A Terrible Coward, by George Manville Fenn.
The book is set in a small Cornish fishing village. There is a dangerous swimming feat which is used as a rite of passage among the boys and young men. One young man, the hero of this short book, has not yet dared to do this feat. Another young man, annoyed by the hero's apparent lack of courage, does something very nasty and unkind which very nearly drowns our hero.
However, shortly afterwards, events so pan out that the tables are turned, and it is seen that our hero is not the coward, while his enemy is.
It's about a two-hour read, but is well-written and in the vintage Manville Fenn style in which "how does he get out of this?" events follow closely on one another.
A TERRIBLE COWARD, BY GEORGE MANVILLE FENN.
THE DIVER'S ROCK.
Boom! with a noise like thunder.
Plash! directly after; but the sounds those two words express, multiplied and squared if you like, till the effect upon the senses is, on the first hearing, one of dread mingled with awe at the mightiness of the power of the sea.
For this is not "how the waters come down at Lodore," but how they come in at Carn Du, a little fishing town on the Cornish coast.
There's a black mass of rock standing out like a buttress just to the west of the little harbour, running right into the sea, and going down straight like a wall into the deep clear water at its foot, as if to say to the waves, "Thus far may you come, and no farther." For hundreds upon hundreds of years the winds and tides have combined to rid themselves of this obstacle to their progress, the winds urging the waves that come rolling in from the vast Atlantic, gathering force as they increase in speed, like one rushing at a leap; and at last leap they do, upon the great black mass of shale, tons upon tons in weight, seeming as if they would sweep it clear away, and rush on in mad ruin to tumble the fishing luggers together and shatter them like eggs as they lie softly rubbing together in the harbour.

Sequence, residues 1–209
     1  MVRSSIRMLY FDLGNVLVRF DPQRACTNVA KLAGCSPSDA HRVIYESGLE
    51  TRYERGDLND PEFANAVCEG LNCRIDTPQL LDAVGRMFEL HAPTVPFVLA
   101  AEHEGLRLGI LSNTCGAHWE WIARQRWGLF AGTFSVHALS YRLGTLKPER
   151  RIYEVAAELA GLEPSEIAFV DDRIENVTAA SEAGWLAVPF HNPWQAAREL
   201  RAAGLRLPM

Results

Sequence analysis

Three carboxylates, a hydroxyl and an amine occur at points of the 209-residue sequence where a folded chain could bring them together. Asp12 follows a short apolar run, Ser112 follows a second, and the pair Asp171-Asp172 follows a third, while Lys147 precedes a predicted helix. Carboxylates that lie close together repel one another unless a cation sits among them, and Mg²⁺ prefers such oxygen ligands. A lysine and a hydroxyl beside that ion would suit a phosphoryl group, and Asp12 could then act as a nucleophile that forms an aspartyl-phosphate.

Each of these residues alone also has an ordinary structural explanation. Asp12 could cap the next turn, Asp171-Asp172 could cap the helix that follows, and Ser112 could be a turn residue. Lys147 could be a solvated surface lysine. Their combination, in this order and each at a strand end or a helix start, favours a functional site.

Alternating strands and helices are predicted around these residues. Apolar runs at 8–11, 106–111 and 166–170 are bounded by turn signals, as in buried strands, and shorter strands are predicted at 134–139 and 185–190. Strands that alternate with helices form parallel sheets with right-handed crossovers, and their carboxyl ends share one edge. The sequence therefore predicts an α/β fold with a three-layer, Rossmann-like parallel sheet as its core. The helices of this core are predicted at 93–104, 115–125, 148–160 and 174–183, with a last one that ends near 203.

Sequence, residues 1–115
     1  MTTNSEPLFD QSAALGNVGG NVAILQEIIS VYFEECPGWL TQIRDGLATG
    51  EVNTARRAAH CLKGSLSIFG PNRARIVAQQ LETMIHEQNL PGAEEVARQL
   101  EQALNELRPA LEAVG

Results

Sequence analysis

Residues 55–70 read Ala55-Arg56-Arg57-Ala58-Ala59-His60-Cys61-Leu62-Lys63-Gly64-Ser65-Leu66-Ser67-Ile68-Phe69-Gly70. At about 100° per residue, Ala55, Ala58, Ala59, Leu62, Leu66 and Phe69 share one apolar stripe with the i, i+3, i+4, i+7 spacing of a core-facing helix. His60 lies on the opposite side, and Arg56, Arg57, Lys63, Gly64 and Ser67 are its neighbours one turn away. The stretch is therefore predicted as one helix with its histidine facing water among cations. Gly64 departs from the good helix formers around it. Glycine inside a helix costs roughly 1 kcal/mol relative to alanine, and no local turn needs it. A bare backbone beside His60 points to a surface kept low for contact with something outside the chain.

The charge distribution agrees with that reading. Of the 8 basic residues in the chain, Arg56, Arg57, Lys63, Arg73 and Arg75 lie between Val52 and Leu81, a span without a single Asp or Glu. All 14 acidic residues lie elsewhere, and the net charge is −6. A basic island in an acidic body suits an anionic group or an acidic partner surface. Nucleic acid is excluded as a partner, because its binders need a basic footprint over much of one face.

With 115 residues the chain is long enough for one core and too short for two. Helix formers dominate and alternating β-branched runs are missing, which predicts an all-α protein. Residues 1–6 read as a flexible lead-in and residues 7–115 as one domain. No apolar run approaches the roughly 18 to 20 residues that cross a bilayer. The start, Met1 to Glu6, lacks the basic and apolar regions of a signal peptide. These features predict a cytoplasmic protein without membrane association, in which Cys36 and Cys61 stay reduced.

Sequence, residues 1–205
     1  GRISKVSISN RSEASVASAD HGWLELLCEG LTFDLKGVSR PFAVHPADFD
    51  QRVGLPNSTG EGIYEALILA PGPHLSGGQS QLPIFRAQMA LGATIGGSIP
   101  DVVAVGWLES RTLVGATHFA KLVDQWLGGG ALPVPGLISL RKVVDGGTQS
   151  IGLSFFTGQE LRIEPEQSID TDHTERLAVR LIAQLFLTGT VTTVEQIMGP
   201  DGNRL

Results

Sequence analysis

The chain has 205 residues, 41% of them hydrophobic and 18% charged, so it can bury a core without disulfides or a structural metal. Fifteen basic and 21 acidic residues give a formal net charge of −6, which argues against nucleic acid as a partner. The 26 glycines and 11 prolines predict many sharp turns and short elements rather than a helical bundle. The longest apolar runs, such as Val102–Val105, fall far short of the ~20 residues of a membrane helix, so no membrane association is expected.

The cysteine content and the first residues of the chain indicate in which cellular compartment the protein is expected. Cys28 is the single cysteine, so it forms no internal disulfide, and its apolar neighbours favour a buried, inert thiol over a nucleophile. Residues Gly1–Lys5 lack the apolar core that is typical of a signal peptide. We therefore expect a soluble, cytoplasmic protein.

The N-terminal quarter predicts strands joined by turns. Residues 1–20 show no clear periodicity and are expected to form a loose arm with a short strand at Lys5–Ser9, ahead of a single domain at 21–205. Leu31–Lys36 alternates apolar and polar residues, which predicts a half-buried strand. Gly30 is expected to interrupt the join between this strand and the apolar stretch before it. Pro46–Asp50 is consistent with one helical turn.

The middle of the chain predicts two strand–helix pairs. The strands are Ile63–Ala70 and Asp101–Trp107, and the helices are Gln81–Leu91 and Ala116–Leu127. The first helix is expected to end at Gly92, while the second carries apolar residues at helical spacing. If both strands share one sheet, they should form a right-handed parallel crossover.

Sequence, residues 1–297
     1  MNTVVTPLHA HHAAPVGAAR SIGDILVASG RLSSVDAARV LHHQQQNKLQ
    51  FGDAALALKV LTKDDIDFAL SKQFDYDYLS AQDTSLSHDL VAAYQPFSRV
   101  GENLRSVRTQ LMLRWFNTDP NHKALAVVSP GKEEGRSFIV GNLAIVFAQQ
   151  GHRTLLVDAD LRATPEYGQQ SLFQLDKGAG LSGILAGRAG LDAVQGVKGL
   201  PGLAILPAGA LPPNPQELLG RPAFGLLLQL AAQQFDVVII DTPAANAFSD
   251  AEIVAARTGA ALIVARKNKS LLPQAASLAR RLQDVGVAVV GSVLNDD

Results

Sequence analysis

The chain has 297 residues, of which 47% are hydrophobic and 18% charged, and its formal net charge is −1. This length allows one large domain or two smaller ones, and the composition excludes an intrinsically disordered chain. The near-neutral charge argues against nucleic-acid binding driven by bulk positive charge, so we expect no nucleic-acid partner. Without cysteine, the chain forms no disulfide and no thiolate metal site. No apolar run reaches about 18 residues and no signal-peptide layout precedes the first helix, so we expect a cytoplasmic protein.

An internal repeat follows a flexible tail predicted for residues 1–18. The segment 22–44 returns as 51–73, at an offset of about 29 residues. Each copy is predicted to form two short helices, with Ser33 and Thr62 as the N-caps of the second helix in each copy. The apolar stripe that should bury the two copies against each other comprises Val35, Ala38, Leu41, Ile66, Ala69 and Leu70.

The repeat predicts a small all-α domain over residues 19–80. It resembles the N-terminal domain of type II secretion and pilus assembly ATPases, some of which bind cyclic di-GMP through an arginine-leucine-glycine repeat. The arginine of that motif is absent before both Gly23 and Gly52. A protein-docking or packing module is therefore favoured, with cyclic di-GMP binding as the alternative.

But no; it is only another of the countless millions of failures on the part of those Atlantic billows. They leap and fall with a mighty boom upon that rock, but only to break up with a hissing plash into a mass of foam, defeated, churned up with froth that runs hissing back, ready to give way to another wave advancing to the charge.
They have worn the rock smooth, so that it glistens like glass in the morning sun, for, as if aware of the folly of urging on its regiments of well-mounted cavalry to come dashing in upon the wild white-maned sea-horses, or the more sober lines of heavy infantry in uniforms of green and blue, the sea has for countless ages bombarded Carn Du with stone-shot in the shape of great boulders. These have ground and polished off every scrap of seaweed, every barnacle, limpet, and sea-anemone, leaving the rock all smooth and bare, while the boulders lie piled to the east in a heap, where the waves that try to take the rock in flank leap amongst them, and roll them over higher and higher, to come rumbling down as if they were tiny pebbles instead of rounded masses of granite and spar-veined stone a quarter, half, and a hundredweight each.
It was an awful place in a storm—Carn Du. It was there that the great Austrian full-rigged ship came on, during one black and raging night; when one minute from the harbour, and off the cliff, the fishermen in their oilskins could see the lights of a vessel—the next minute, nothing.
There were the remains of a few timbers, though, in the morning—torn, twisted, gnawed, as it were, into fibres and splintering rags. That was all.
It was an awful place in a storm, where the spray, broken up into feathery froth by the battle on the rocks, came flying over the town, and then away landward, like a fine misty rain; but it was a grand place in a calm. It has been said that there was always deep water, even at low tide, at the foot of the Carn, and here for generations had been the training place of the swimmers of Carn Du, who were famous for their prowess all round the coast.